Essient Photonics brings new thinking to optical modulation technology
Essient s novel RTD-based technology for making 10 and 40 Gbit/s optical modulators and photodetectors will significantly lower the drive voltage and footprint compared with current devices. At OFC Essient announced that its modulators can operate with a drive of 0.1 V, significantly lower than the several volts needed for lithium niobate and InP- or GaAs-based devices. The new modulators are only about 5% of the size of a typical lithium niobate modulator.
The company is headquartered in Glasgow and is following a fabless business model. The funding will be used to take existing prototype devices through to the stage where they are suitable for sampling to commercial customers. "We are about six months away from getting devices to customers," said Jeremy Chappell, Essient s VP of marketing. Essient is using Compound Semiconductor Technologies in Glasgow to fabricate the devices in the current development phase, and other potential fab partners are also being assessed. "One thing that came across very strongly when speaking to potential customers was that they need reliability of supply, and for that reason we are looking at a couple of foundry partners," said Chappell.
How does it work?
Essient s approach makes use of a technology developed and patented by the company s founder and chief scientist Charles Ironside. This involves using the properties of RTDs in a novel way to modulate light.
RTDs use a quantum well between two thin barrier layers to create an electron resonator. Electrons incident on the double barrier can tunnel through the first barrier into the well and then reflect between the barriers, creating standing waves. Electrons of a specific energy will constructively interfere, and so the standing waves created represent discrete energy states. Regions of negative differential resistance arise because of electron confinement and coupling in the well. The I-V curve of an RTD is characterized by peaks and valleys in the current as the bias voltage is varied. The peaks represent the bias condition at which resonance occurs, with the valleys being a bias point that prevents electrons passing through the energy states in the standing wave, effectively switching the device off.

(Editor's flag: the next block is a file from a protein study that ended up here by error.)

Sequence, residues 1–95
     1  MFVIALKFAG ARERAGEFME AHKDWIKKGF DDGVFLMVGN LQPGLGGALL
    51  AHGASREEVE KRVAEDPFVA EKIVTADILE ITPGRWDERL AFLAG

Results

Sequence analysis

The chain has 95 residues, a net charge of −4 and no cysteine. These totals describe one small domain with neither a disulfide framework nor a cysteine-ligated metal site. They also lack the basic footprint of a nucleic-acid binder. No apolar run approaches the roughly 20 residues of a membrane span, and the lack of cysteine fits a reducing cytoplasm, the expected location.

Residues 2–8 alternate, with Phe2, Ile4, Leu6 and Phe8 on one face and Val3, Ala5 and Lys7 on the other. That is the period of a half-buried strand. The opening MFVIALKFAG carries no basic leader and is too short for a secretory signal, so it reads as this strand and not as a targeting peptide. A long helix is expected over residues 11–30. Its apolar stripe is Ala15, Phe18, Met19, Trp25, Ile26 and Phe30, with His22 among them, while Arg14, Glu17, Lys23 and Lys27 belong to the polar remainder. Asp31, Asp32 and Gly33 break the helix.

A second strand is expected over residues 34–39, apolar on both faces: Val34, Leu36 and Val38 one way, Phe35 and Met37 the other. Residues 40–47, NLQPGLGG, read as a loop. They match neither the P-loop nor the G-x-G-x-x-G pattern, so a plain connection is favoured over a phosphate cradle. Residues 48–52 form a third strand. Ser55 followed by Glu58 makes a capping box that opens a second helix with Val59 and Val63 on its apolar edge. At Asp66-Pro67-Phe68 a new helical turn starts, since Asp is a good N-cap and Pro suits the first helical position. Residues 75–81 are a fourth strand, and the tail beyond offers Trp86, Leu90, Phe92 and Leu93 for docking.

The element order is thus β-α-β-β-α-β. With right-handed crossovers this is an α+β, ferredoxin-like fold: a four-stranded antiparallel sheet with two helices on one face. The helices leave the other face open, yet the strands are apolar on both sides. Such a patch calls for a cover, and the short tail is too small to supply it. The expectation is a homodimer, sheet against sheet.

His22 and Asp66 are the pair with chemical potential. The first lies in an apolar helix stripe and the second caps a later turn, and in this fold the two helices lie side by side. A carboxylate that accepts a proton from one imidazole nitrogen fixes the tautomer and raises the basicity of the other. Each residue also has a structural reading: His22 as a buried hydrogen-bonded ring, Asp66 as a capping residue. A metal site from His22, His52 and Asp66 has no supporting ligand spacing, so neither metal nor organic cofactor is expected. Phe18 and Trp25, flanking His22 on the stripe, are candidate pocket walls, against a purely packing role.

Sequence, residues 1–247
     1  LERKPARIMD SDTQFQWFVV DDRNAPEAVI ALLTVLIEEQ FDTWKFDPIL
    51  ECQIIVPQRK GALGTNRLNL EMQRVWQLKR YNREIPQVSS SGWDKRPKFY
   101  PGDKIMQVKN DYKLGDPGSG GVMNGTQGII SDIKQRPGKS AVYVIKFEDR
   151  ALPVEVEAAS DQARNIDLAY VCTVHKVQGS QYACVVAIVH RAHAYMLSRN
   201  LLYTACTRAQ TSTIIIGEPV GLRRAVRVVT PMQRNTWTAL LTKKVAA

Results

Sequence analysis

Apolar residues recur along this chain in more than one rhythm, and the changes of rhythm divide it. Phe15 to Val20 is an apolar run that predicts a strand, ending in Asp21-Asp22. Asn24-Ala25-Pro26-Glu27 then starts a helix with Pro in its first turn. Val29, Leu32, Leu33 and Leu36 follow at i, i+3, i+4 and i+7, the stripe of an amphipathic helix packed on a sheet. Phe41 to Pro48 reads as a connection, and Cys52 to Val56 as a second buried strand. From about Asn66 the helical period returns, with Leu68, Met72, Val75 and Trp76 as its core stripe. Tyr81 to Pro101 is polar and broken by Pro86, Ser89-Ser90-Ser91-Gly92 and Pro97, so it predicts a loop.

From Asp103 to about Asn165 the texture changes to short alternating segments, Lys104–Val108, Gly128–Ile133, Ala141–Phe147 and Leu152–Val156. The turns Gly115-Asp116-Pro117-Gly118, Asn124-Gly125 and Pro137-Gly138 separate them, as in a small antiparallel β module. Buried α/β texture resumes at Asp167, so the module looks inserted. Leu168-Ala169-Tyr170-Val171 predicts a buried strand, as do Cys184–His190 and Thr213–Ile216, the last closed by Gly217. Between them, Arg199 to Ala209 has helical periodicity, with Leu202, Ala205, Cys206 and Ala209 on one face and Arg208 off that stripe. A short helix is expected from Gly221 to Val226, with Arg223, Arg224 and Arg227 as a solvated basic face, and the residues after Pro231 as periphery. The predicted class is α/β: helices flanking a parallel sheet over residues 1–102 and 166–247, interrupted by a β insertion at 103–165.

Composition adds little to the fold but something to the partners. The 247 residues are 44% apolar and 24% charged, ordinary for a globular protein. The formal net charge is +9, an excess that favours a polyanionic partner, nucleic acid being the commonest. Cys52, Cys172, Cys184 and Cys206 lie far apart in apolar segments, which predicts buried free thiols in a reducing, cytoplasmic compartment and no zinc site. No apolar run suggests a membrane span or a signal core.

RTDs have attracted much interest because of their ability to operate at high frequencies and provide a very large increase in current for a small applied bias voltage. An AC signal below 1 V can induce high-speed switching of the RTD and therefore the electric field it generates. Ironside has applied the RTD principle to waveguides, using the high-frequency change in electric field to shift the absorption band edge of a material, thus making an electroabsorption modulator.
Ironside s patent describing an RTD-based modulator represents the initial development of the idea, while more recent improvements are now subject to the patent application process. Though most RTD research to date has concentrated on GaAs/AlAs structures, Essient s RTD uses an InGaAs well with AlAs barrier layers. This enables the device to operate at telecom wavelengths and also gives a bigger difference between the peak and valley currents in the device s I-V curve.
The patent describes an RTD structure consisting of a 6 nm InGaAs QW between two 2 nm AlAs barrier layers (figure 1). The RTD is sandwiched between two InGaAlAs spacers that form the waveguide core. The InP substrate and a top InAlAs layer provide waveguide cladding, and an InGaAs contact layer is grown on the top cladding layer. Ridge waveguides are then etched and ohmic contacts deposited.
Early performance data
The patent describes typical devices with a 2 x 100 µm2 active area. These have peak current densities of 20 kA/cm2 with a peak-to-valley current ratio of 4. The difference between peak and valley voltages is 0.8 V. The modulator bandwidth and extinction ratio are related to the RTD s structure and electrical characteristics. The extinction ratio is directly related to the peak-to-valley current ratio in the RTD I-V curve. For a device with a 4 x 200 µm2 active area the extinction ratio peaked at 28 dB for 1565 nm light (figure 2). Essient says that at present the devices can operate over a 50 nm range of wavelengths, an important feature for devices that may be used in WDM systems.
A key feature of Essient s technology is that in principle the device can operate in reverse as a light detector. The RTD will then act as an integrated amplifier for the photocurrent generated by the incident light.